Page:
Webinar: Scooting to Healthy and Safe Mode Choices

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DATE: 
Tuesday, June 7, 2022, 10:00am to 11:00am PDT
SPEAKERS: 
Kristi Currans and Nicole Iroz-Elardo, UA; John MacArthur, PSU
COST: 
Free
CREDIT: 
PDH: 1 | AICP: 1

OVERVIEW

Shared electric scooters (e-scooters) are fast becoming a mobility option in cities across the United States. This new micromobility mode has the potential to replace car usage for certain trips, which stands to have a positive impact on public health and sustainability goals. However, many aspects of this emerging mode are not well understood.This webinar explores the findings of three NITC studies examining transportation mode choices, safety, and public health outcomes of electric scooters.

KEY LEARNING OUTCOMES

By the end of this presentation, the participant will be able to:

  • describe the ways in which electric scooters may provide new substitutive, complimentary or synergist transportation opportunities for different activities, compared with conventional modes (e.g., vehicles, transit, biking, walking). 
  • distinguish different types of crash and injury behaviors and risks for electric scooter users in the built environment.
  • recognize relationships between mode choices around e-scooters may influence other health outcomes, including those related to changes in physical activities.

THE RESEARCH

The three studies were funded by the National Institute for Transportation and Communities (NITC):

SPEAKERS

Kristi Currans, University of Arizona

Kristina Currans is an Assistant Professor in the College of Architecture, Planning & Landscape Architecture at the University of Arizona in Tucson. She studies the intersection between transportation and land use development. Although trained as a civil engineer, Dr. Currans' work bridges the transportation planning and engineering disciplines. Her current research and teaching emphasizes the rethinking and redeveloping new data and methods for applications in practice to help communities plan for the places they want. Recent and ongoing research includes: (1) Operationalizing the link between off-site parking supply and vehicle demand impacts for practice; (2) Shared electric scooter programs and how they can be integrated into traveler's behavior choices; (3) How the availability of transportation infrastructure impacts transportation choices (e.g., drive, walk, bike); and (4) The impact of transit investment on real estate values across multiple regions and transit systems.

Nicole Iroz-Elardo, University of Arizona

Nicole Iroz-Elardo is an Assistant Research Professor in the School of Landscape Architecture and Planning. Cross-trained in planning and public health, her research focuses on how to plan healthier and more equitable communities. Dr. Iroz-Elardo has a PhD in Urban Studies from Portland State University. Her doctoral research investigated the extent to which Health Impact Assessment provided an additional participation avenue for vulnerable communities in transportation planning processes. She has previously worked for Urban Design 4 Health, Inc., Oregon Health Authority, and Battelle Memorial Institute. At each, she specialized in translating cutting-edge research into practitioner tools to increase the suite of information upon which decisions - public and private - are made.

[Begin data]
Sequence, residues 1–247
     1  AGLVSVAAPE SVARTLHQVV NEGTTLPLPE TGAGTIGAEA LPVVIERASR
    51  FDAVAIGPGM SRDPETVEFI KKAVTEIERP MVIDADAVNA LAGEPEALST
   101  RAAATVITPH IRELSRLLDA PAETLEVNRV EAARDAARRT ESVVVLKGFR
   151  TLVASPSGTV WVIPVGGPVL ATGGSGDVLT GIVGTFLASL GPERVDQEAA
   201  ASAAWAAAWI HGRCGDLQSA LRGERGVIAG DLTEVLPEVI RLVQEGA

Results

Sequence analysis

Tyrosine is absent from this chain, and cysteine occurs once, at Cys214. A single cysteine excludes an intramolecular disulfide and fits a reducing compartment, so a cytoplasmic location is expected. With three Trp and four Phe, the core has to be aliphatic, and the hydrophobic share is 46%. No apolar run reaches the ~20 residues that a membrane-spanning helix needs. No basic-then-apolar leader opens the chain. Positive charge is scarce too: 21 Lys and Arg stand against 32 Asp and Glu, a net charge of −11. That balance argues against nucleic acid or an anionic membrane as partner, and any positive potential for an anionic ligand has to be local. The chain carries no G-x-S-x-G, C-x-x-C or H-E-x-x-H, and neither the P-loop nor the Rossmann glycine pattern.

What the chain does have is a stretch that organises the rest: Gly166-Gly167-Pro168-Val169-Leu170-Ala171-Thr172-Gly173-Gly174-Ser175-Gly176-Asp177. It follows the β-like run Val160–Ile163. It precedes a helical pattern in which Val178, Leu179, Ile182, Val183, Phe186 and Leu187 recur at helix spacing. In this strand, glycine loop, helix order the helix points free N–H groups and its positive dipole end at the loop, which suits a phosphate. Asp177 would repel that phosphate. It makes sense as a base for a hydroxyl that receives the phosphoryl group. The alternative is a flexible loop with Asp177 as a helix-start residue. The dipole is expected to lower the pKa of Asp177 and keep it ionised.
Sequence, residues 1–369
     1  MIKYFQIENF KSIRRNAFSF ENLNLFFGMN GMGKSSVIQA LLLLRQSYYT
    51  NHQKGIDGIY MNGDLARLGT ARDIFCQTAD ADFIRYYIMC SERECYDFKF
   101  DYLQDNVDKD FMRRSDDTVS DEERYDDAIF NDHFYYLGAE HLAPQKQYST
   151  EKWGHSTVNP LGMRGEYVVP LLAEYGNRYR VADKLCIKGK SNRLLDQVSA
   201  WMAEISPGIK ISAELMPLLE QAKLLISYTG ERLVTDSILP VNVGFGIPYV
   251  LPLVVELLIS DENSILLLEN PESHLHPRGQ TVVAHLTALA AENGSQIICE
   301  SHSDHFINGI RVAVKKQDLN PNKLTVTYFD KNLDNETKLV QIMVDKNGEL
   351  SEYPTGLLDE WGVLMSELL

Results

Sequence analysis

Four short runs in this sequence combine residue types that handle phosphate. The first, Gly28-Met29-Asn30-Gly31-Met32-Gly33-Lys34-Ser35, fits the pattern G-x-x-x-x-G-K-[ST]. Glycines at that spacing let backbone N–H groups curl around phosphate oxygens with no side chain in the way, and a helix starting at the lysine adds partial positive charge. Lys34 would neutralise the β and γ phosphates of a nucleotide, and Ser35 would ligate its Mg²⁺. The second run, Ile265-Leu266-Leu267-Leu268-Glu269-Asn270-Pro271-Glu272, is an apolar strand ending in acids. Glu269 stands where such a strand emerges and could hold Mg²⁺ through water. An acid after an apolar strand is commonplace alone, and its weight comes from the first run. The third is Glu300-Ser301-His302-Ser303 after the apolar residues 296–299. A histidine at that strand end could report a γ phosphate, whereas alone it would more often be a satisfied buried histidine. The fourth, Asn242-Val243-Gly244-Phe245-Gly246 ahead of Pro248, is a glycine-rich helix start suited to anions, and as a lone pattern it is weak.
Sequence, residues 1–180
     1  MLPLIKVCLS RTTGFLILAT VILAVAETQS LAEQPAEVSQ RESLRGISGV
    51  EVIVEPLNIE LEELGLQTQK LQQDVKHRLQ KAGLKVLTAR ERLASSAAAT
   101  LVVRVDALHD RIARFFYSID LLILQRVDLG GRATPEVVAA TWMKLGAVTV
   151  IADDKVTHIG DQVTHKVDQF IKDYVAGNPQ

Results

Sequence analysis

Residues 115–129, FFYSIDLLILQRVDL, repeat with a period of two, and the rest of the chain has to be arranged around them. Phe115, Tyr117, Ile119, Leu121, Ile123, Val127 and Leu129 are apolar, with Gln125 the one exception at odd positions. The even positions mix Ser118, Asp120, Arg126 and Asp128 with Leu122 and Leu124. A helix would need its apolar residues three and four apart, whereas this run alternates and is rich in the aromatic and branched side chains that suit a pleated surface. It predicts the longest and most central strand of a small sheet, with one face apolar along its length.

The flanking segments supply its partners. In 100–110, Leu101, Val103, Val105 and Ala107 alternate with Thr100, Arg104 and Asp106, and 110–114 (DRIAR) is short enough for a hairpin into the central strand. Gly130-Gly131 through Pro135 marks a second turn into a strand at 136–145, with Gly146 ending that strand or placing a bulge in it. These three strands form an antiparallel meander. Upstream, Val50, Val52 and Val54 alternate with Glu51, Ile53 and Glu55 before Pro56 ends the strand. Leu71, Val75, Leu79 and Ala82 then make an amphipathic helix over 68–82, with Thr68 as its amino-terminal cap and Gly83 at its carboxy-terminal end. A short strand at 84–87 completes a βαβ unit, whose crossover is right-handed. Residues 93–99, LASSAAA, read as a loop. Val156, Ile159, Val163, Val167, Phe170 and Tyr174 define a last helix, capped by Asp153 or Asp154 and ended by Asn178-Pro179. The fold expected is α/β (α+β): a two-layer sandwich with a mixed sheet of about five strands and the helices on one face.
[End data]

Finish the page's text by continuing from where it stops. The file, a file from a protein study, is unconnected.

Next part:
John MacArthur, Portland State University

Mr. John MacArthur is the Sustainable Transportation Program Manager at TREC at Portland State University and an instructor in civil and environmental engineering, teaching on new & emerging technologies in transportation. He is active in research related to sustainable and equitable transportation, particularly in the areas of emerging tech such as e-bikes, bike share, transit, and the relationship between transportation and public health. Mr. MacArthur is the Section Chair for Transportation Research Board’s AME00 Transportation and Society and a member of Innovative Public Transportation Services and Technologies (AP020). He received his BS in Civil Engineering from Lehigh University and a MS in Environmental Health Sciences from the School of Public Health at the University of Michigan.

PROFESSIONAL DEVELOPMENT

This 60-minute webinar is eligible for 1 hour of professional development credit for AICP (see our provider summary). We provide an electronic attendance certificate for other types of certification maintenance.

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Photo by Sundry Photography/iStock

This webinar is hosted by the Transportation Research and Education Center (TREC) at Portland State University. The research was funded by the Summit Foundation and the National Institute for Transportation and Communities (NITC), a program of TREC and one of five U.S. Department of Transportation national university transportation centers. The NITC program is a Portland State-led partnership with the University of Oregon, Oregon Institute of Technology, University of Utah and new partners University of Arizona and University of Texas at Arlington. We pursue our theme — improving mobility of people and goods to build strong communities — through research, education and technology transfer.